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Mental health disorders might start in the gut, not in the brain

Kathleen Blanchard's picture
Changes in gut bacteria and mental health

Disruption of normal gut microbes changes brain chemistry.

Researchers from McMasters University say they now have evidence showing bacteria in the gut can alter behavior and brain chemistry , potentially making mental health disorders treatable with probiotics.

The scientists found behavior and brain chemistry changes in mice when they manipulated bacteria in the gut with antibiotics.

When gut flora changed, the mice had an increase in brain derived neurotrophic factor (BDNF), which has been associated with depression and anxiety.

Some of the mice in the experiment were bred to be germ free. Without normal gut flora, the scientists noted the mice were passive. When they colonized them with bacteria from mice bred to be more active, their behavior became more daring and exploratory.

Conversely, when the researchers altered gut bacteria in active mice, they became more passive.

Behavior changes when gut microbes altered

Stephen Collins, professor of medicine and associate dean research, Michael G. DeGroote School of Medicine said, “The exciting results provide stimulus for further investigating a microbial component to the causation of behavioral illnesses.”

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The study is the first to link mental health disorders to intestinal bacteria and is published in the journal Gastroenterology.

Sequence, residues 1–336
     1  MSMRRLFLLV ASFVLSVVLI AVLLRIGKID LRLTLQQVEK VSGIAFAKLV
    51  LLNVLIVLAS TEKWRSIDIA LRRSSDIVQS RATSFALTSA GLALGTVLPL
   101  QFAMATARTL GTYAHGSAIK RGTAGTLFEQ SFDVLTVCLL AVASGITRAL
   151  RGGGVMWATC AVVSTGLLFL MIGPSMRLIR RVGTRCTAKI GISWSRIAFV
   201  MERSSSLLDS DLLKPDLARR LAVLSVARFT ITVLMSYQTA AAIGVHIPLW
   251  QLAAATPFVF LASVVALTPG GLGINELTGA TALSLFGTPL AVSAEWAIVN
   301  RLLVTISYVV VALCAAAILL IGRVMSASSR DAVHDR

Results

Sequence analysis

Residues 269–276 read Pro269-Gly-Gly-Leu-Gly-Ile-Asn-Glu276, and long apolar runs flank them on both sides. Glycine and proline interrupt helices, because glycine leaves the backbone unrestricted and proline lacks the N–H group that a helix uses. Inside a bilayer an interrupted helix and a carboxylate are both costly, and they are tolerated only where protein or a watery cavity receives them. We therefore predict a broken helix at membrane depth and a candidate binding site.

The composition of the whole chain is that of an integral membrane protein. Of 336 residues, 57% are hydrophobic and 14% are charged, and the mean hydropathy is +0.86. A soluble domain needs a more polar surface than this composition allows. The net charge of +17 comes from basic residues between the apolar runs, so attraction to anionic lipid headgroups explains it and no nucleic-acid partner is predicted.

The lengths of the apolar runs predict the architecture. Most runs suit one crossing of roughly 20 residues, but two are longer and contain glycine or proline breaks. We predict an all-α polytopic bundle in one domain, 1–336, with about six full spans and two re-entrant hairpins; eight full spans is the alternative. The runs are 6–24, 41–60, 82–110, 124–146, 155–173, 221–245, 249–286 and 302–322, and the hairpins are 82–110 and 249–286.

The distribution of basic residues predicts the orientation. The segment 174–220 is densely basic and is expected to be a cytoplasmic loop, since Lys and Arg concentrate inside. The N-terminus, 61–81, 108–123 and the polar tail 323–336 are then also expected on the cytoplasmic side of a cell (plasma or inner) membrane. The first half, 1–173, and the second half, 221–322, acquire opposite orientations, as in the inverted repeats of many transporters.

The scientists note irritable bowel syndrome and other intestinal disorders are frequently accompanied by anxiety and depression, leading them to explore whether disruption of gut microbes might alter brain chemistry that could lead to mental health disorders.

Collins said when bacteria in the gut returned to normal in the mice, their behavior changed. The mice became less anxious and cautious and brain chemistry returned to normal.

He notes past studies have focused on the role intestinal bacteria play in early brain development.

Premysl Bercik, assistant professor of medicine, who conducted research in the Farncombe Family Digestive Health Research Institute said the findings might indicate probiotics could have a role for treating anxiety, depression and other mental health disorders, especially those associated with gastrointestinal conditions like irritable bowel syndrome.

The authors say the finding show a variety of factors can influence behavior. Disruption of gut bacteria was shown to alter brain chemicals. They speculate any change in intestinal bacteria could also influence behavior and potentially lead to anxiety, depression and other mental health disorders.

"The Intestinal Microbiota Affect Central Levels of Brain-Derived Neurotropic Factor and Behavior in Mice"
P. Bercik et al

Image credit: Morguefile